Work has also commenced on the breathtaking interior of the building, both structurally and cosmetically. Many of the grand stained glass windows have been repaired and experts have been working hard to replace Victorian tiles long since lost.
Today the supporters are continuing to secure funding for the next stage of the restoration whilst working with developers to secure a long-term future for the site.
Broomfield House - We have not had any news about this site. (2008)
Wiltons Music Hall - The music hall is a more popular theatre venue than ever but the entertainment is self-funding so no profit can go towards restoration. Efforts are directed towards keeping the building open for performances and urgent repairs are dealt with as and when they crop up. (2008)
Darnley Mausoleum - Darnley has been completely restored and will now be incorporated into a scheme providing public access to over 800 acres of glorious Kent countryside. Thousands of hours were spent restoring what is widely regarded as the finest mausoleum in the land. The building is currently in the process of passing to the National Trust who will be able to ensure its security in the future. Open days are planned and the interior is currently open by appointment only.
Whitfield Tabernacle - We have not had any news about this site. (2008).
Arnos Vale Cemetery - Restoration work has started and it is hoped that the cemetery will be complete towards the end of the year.
Poltimore House -They have just received funding which will allow Phase 1 work to start on rebuilding the north and east range roof areas.
Easthouse (Burra Croft) - Fully restored in 2006 and open to the public.
Banchory Sanitorium (aka Glen O'Dee Hospital) - Since this building appeared in 2003, Grampian Primary Care NHS entered into and sold the site to a developer who proposes to demolish the building. Three building preservations trusts, the Prince's Regeneration Trust and Historic Scotland lodged objections, and the developer's application is under review.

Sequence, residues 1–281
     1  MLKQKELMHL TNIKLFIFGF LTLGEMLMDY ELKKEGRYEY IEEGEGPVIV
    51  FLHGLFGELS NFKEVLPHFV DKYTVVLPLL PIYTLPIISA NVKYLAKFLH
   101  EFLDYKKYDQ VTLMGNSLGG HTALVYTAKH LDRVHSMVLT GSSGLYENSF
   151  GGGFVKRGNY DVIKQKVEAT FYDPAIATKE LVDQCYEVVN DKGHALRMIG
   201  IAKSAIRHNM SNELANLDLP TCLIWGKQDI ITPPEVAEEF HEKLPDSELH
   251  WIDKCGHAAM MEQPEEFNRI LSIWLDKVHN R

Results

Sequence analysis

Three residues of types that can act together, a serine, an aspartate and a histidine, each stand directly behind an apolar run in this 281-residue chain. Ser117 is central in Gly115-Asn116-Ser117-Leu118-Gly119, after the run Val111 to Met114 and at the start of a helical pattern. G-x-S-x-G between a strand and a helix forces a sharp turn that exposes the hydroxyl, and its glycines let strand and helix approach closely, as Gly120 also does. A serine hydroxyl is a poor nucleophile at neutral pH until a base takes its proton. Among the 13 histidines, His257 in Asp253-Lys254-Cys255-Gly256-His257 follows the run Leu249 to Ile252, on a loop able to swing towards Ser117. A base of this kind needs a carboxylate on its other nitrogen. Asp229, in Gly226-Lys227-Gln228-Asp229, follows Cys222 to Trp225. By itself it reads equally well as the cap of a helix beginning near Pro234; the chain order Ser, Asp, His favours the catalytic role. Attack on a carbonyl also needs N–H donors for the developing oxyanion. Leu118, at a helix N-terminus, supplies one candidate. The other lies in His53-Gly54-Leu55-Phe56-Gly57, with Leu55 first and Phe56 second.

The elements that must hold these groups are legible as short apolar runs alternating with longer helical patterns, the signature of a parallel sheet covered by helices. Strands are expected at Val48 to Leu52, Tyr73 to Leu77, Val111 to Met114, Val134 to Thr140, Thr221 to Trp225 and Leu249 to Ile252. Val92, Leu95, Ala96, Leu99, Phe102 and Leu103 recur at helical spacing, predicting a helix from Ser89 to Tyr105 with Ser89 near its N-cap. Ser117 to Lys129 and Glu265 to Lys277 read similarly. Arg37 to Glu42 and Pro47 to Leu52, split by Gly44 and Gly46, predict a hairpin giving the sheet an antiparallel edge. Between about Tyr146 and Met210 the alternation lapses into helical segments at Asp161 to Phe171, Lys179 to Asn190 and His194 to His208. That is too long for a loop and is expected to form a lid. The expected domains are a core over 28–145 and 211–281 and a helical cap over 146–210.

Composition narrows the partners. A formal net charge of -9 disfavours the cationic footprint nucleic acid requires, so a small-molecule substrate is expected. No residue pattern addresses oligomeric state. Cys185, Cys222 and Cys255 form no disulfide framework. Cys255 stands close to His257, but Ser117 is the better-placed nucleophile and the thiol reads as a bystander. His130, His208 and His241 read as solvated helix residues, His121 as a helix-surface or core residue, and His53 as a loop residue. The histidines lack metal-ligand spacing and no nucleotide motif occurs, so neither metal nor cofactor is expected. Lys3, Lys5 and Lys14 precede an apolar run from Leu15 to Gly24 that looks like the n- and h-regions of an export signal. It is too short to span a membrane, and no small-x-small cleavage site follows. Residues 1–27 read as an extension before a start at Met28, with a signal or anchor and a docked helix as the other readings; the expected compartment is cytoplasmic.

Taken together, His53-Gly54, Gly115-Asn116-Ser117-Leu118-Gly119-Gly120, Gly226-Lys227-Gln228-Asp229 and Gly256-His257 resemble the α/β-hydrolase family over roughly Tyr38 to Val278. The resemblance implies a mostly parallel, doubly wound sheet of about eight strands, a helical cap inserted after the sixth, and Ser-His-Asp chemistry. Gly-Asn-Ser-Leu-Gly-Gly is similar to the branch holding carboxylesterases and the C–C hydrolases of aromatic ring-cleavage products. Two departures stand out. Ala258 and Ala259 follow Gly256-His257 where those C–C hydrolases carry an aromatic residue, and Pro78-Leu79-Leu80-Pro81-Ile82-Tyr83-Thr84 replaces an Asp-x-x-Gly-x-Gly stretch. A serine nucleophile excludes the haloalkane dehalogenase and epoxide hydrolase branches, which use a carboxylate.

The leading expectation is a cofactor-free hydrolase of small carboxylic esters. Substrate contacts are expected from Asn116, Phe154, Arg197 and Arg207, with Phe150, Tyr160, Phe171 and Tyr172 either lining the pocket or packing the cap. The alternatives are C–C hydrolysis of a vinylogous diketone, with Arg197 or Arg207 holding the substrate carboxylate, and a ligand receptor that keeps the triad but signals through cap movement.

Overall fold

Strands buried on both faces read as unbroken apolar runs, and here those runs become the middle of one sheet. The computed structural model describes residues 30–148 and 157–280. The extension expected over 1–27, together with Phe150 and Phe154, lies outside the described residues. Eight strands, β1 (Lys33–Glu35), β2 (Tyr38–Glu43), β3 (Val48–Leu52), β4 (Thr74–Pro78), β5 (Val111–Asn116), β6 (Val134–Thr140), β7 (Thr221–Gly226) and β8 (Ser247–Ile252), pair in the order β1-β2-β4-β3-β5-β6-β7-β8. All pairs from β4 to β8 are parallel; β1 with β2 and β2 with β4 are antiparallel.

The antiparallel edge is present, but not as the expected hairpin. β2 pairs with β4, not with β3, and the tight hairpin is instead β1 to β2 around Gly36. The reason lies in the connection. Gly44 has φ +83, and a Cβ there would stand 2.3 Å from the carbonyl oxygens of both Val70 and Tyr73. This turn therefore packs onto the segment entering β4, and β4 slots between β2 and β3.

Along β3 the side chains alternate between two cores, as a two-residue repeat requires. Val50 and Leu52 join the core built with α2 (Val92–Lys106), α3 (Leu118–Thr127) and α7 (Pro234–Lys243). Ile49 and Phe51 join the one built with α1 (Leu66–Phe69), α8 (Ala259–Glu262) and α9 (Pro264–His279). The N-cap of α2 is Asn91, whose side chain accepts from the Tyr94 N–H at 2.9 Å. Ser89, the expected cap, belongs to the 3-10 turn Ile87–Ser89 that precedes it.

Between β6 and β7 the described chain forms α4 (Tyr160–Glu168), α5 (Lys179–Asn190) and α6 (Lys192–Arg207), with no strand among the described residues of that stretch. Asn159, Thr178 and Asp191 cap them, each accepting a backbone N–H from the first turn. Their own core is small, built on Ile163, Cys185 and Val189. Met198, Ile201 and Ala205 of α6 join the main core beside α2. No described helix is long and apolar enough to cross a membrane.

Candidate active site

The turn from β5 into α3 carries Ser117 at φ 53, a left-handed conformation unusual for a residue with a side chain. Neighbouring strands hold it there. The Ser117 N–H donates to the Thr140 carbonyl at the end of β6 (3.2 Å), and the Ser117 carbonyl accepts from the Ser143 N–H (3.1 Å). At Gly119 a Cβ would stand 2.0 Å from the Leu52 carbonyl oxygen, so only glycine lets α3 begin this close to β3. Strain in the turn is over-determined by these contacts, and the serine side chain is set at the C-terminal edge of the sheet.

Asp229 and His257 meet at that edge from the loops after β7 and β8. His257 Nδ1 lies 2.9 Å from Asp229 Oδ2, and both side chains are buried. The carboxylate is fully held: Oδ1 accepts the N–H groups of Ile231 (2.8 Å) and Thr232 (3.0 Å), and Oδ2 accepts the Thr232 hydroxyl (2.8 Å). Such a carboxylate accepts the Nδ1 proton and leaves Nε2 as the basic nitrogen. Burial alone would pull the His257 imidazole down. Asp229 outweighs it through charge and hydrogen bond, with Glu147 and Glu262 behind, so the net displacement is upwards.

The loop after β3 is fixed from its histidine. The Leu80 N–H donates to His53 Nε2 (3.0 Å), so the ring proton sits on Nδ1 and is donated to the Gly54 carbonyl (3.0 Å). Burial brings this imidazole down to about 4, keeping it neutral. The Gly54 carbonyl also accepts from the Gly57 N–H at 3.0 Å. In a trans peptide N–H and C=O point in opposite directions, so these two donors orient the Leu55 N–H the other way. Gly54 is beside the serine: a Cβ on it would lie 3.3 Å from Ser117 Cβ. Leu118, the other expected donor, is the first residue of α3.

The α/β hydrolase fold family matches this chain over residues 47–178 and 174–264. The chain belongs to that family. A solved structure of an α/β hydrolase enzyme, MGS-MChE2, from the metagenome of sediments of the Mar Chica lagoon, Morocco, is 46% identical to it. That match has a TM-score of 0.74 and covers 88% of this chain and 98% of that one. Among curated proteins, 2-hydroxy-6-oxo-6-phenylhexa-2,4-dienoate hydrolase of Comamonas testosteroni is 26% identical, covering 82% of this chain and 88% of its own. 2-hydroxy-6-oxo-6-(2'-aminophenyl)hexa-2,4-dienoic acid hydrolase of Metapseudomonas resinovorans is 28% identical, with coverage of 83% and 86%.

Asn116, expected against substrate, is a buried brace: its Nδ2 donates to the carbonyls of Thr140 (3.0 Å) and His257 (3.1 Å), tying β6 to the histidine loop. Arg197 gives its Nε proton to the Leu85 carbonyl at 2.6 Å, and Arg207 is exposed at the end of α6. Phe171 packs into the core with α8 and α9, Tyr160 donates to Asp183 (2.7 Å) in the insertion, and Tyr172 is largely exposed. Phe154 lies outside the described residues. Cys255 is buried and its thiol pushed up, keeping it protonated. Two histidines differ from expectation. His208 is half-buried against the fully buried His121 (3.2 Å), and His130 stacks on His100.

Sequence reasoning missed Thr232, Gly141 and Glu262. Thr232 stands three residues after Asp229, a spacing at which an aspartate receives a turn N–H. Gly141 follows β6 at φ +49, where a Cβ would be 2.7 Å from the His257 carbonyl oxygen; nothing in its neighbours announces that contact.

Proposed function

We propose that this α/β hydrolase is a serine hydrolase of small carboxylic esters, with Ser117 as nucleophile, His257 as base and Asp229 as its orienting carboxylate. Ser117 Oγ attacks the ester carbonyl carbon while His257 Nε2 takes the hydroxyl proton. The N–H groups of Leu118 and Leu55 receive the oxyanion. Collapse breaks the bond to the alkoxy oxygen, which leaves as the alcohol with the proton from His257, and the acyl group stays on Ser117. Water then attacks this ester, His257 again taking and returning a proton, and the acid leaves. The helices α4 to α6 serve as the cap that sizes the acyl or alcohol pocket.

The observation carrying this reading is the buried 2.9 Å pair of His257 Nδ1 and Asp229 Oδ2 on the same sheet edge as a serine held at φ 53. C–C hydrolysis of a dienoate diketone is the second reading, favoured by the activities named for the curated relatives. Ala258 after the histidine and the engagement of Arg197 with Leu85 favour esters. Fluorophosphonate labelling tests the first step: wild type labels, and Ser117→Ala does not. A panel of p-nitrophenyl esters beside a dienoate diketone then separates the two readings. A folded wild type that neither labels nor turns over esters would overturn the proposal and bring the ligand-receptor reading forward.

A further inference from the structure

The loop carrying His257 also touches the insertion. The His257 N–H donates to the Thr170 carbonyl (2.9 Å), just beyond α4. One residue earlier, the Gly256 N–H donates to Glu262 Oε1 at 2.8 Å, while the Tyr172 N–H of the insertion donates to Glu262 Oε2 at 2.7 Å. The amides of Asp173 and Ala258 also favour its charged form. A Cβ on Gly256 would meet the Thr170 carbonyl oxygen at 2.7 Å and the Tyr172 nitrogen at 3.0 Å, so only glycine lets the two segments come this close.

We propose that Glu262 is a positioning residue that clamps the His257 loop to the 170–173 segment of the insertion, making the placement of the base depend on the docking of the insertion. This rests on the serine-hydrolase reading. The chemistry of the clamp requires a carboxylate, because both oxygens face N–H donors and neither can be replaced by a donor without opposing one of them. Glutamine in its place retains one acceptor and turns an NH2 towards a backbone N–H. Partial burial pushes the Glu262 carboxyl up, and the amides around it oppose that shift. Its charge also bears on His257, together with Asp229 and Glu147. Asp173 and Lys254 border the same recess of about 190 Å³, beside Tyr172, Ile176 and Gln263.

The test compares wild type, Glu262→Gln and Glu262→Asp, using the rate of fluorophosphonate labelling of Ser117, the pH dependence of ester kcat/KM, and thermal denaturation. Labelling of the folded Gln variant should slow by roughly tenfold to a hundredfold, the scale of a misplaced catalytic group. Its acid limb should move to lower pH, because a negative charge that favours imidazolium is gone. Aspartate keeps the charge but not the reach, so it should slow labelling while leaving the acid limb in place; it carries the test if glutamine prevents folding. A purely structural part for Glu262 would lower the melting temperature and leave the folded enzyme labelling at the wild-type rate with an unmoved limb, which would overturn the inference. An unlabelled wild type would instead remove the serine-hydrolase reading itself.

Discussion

Kinloch Castle - Whilst there are plans and projects for income-generating proposals, funding is proving hard to find. (2008)
Victoria Lino Works - A question mark hangs over this building as there are no investment proposals.
Britannia Music Hall - The completed, restored exterior is shortly to be unveiled and fundraising will soon be underway for the interior.
Mavisbank - Historic Scotland has announced a £2 million stabilization programme and it will be seeking ownership of the property through compulsory purchase.
Parys Mountain - Funding applications have been submitted for a range of projects to regenerate the site. (2008)
Llanelly House - As one of the finest buildings of its type in Wales, Llanelly House was an important architectural treasure, but had been overlooked and neglected in the modern urban sprawl of Llanelly town centre.
This Georgian masterpiece has now been incorporated into a regeneration scheme which will link it with ten other listed buildings in the local area and it has received a grant for £3.6 million which will return it to its former glory. Currently experts are piecing together the architectural and social history behind the house and using cutting edge techniques to discover what still remains hidden.
The building is currently still a construction site so is not open to the public.
Vaynol Old Hall - The hall is in private ownership and has been restored.
Crescent Arts Centre - In September last year, Northern Ireland's Department of Culture, Arts and Leisure increased the amount of their grant to £4.5m. Restoration work has started and it is hoped that the centre will re-open in April 2010.
Lissan House - Hazel Dolling and her family home captured the hearts of the nation when it was featured on Restoration. Following her death, campaigners have continued to work hard to save it.
Along with Hazel's wishes, the house and grounds are in the process of being passed to a robust trust that are working to find a suitable long term use for the site that will incorporate public access. Since Hazel died work has been carried out to prevent the state of the building deteriorating any further. Public interest has been high, drawing large crowds on open days.
Herdmans Mill - Various restoration projects have taken place and funding is being sought for other parts of the site.